Re: D8 Bulldozer as a Flat Car Load
Daniel A. Mitchell
I agree, with the possible explanation being that it’s model of a modified tractor (see my earlier comment on this model). It’s obviously a D7 established by the hood shape. But it is too long. I surmise that it’s a model of a side-boom Cat stretched to make room for the boom and winch. It also sets too high on it’s tracks. So, my guess is i’s a side-boom Cat D7 with the boom removed. Maybe?toggle quoted messageShow quoted text
We have not discussed the side-boom tractors yet. They started as user modes fro pipeline-laying purposes. The factories picked up the modification and started offering them in various sizes and types. Somewhere along the line it dawned on folks that BIG ones could lift and carry damaged railroad cars. That TOTALLY changed how railroads deal with wrecks. Big side-boom D8 and D9 tractors are now the norm for most wreck service. Nowadays these are owned and operated by independent contracted companies "on call” to the railroads. These versatile machines have all but exterminated the big railroad wrecking cranes, as they can "attack” a wreck from multiple points at the same time, where RR cranes could only work from ends inward. Most wrecks can now be sufficiently removed as to “open the line” in a few hours (leaving a big mess to be cleaned up later).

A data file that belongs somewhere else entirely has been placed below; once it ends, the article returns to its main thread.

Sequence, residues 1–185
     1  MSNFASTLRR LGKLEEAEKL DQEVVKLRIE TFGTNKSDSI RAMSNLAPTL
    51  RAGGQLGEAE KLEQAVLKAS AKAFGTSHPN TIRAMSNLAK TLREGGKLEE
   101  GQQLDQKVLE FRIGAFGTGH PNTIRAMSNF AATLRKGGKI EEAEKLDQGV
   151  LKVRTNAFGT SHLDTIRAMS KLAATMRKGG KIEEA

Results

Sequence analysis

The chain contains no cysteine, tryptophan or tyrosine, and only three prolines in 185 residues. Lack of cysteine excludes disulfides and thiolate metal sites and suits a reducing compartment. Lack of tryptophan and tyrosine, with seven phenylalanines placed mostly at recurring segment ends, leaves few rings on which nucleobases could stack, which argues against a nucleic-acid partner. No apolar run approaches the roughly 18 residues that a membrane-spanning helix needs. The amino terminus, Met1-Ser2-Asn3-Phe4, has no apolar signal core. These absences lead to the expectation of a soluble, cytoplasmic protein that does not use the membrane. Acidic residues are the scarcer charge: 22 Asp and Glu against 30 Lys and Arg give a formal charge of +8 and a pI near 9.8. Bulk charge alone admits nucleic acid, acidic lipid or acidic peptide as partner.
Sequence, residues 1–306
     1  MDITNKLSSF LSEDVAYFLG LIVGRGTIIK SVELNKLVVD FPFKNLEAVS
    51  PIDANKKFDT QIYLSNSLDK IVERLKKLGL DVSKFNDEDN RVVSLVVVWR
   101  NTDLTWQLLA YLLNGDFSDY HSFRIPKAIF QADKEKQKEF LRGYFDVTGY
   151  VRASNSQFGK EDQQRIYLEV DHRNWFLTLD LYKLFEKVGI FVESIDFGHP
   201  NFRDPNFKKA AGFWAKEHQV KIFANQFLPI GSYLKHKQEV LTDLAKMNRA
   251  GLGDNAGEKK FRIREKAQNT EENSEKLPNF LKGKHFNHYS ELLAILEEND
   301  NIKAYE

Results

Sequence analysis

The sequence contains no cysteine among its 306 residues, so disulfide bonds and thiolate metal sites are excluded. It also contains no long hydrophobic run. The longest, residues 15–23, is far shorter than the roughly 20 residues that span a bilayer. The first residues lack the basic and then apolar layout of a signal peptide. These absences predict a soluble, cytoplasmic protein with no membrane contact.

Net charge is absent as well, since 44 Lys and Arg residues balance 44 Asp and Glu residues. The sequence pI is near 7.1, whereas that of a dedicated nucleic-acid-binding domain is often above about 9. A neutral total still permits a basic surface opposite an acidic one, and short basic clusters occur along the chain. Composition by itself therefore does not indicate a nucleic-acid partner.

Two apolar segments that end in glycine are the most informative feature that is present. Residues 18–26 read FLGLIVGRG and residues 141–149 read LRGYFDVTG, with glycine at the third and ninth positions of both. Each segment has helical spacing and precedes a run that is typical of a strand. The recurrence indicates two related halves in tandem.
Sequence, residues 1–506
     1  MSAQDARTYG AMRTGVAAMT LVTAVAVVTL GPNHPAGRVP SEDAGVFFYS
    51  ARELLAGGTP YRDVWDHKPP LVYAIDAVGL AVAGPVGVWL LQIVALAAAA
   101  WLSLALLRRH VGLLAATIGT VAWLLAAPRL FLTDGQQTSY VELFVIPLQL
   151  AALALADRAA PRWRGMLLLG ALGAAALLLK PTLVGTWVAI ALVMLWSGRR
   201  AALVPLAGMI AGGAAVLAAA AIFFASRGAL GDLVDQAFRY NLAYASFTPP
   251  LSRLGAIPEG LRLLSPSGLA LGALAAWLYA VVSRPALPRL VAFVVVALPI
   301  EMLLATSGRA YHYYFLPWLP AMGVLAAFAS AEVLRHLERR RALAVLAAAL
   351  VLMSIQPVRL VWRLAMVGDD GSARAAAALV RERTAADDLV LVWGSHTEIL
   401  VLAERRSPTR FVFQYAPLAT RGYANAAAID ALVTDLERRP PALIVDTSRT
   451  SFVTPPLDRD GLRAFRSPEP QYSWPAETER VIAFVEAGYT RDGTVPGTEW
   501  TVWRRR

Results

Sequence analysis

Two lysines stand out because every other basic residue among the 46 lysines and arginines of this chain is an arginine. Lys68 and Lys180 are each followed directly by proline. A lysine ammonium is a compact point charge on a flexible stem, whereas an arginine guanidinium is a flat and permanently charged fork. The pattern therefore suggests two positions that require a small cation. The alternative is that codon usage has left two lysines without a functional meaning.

The big side-boom tractors are now so common that they are cataloged separately in the manufacturers model listings .. though they are still based on highly modified standard tractors.
Overland built brass models of two Cat types in HO and O gauges … a “Union Pacific Wreckmaster” (with custom DC flatcar), and a more conventional side-boom cat.